Aleteia logoAleteia logoAleteia
Monday 22 July |
Saint of the Day: St. Mary Magdalene
Aleteia logo
separateurCreated with Sketch.

Facing a battle? Be sure to wear a Joan of Arc tee!



Sarah Robsdottir - published on 05/25/22

No matter what daily trial you face, what you wear can help you face it.

I first made the connection between my level of bravery and what I’m wearing about a decade ago. My baby was born with breathing issues and began his life with a month-long hospital stay. As we were preparing to take Henry home, a nurse handed me a nasogastric feeding tube: “You’ll have to insert this all by yourself before we let you go,” she said.

“Sure,” I replied, trying to play it cool even though the idea of shoving a tube up my baby’s nose and into his stomach totally freaked me out. That’s when I looked down at the Joan of Arc shirt I happened to be wearing that day. It’s one of my absolute favorites, as I own many.

“I’m not afraid,” the shirt read, “I was born to do this!”

Besides this well-known quote from the 15th-century French soldier girl, the tee also had Joan of Arc – the picture of courage – riding high on her horse while waving her long white banner that reads “Jesus and Mary.” This banner, also known as a standard – is what the teenage saint famously carried into battle when she led her country to victory against the English during the 100 Years War.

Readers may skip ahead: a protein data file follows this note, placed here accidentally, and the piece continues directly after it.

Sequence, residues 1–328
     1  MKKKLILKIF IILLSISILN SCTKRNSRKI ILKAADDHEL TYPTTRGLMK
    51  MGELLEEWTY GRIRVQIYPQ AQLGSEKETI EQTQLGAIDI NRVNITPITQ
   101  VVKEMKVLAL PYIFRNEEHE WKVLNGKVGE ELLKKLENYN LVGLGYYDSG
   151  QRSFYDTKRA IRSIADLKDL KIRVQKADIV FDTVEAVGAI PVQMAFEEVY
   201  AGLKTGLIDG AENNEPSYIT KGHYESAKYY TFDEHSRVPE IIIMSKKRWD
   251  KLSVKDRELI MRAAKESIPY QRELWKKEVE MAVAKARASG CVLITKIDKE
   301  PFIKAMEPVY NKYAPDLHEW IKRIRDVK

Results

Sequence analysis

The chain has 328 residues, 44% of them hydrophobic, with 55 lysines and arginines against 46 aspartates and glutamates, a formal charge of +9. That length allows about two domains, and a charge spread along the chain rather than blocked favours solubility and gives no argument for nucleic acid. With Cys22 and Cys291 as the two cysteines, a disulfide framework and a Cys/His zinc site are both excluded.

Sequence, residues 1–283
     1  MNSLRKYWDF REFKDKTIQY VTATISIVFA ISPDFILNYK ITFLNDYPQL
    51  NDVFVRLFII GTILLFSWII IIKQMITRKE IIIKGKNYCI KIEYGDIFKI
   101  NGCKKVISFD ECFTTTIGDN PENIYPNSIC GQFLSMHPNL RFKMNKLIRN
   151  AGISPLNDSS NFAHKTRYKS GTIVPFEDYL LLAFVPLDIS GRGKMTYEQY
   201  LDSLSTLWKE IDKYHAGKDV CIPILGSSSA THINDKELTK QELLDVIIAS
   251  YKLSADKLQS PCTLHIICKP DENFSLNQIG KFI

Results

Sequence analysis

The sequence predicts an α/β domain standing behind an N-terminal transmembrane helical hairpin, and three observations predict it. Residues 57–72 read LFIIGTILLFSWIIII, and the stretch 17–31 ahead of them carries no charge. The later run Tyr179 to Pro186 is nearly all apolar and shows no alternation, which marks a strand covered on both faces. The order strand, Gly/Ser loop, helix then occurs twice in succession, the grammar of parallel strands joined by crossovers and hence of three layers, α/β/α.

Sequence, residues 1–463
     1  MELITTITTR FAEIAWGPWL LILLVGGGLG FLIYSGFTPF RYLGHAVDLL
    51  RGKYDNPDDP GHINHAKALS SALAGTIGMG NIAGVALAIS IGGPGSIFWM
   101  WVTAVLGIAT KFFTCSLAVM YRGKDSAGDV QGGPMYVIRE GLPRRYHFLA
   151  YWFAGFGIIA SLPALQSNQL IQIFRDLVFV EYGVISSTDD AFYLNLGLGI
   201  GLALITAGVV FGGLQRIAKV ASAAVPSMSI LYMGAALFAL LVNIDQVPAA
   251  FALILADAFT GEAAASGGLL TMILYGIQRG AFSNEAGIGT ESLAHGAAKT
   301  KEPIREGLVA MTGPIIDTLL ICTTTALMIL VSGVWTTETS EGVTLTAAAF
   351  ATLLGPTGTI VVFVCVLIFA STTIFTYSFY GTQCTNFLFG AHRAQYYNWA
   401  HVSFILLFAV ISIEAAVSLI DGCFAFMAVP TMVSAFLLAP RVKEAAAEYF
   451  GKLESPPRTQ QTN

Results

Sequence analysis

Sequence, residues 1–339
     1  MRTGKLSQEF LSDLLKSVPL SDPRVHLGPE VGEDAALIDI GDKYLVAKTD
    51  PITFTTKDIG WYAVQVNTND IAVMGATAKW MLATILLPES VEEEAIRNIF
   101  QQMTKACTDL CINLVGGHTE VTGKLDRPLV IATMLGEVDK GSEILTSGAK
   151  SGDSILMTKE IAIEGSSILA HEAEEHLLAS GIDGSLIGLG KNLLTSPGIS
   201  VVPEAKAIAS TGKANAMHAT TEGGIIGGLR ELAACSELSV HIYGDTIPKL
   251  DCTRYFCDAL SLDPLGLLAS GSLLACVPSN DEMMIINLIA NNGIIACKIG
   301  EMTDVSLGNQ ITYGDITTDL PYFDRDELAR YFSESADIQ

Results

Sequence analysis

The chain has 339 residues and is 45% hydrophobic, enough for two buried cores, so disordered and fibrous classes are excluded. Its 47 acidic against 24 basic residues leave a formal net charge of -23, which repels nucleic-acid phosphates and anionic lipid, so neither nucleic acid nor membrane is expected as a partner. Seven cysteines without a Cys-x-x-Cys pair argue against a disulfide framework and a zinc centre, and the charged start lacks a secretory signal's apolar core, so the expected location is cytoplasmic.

So I grabbed the feeding tube from the nurse and inserted it into Henry’s nose like a champ — or rather, like a French soldier girl. Since then, my 7 asthmatic sons have had several more hospital stays. I now never take off for the hospital without seeking Joan of Arc’s intercession and at least a few of her tee-shirts in my bag. I also wear them while shopping with toddlers at the supermarket, because all kinds of everyday activities take more courage than we realize.

And really, this tip I’m espousing is nothing new. Countless religious orders have embraced the tradition of one’s outward dress being a sign of an inward reality. The Bible talks about the wise woman who “clothes herself in strength and dignity”; this same woman “laughs at the days to come.” And while I realize this proverb is talking about something deeper than a person’s actual outfit, its author used the word “clothe” for good reason.

Personally, I’ve experienced the verse to mean laying out an array of Joan of Arc tee-shirts on my bed in order to pick the one that’s just right for the battle I’ll face that day.

St. Joan of Arc, pray for us!

Enjoying your time on Aleteia?

Articles like these are sponsored free for every Catholic through the support of generous readers just like you.

Help us continue to bring the Gospel to people everywhere through uplifting Catholic news, stories, spirituality, and more.

Daily prayer
And today we celebrate...

Top 10
See More
Get Aleteia delivered to your inbox. Subscribe here.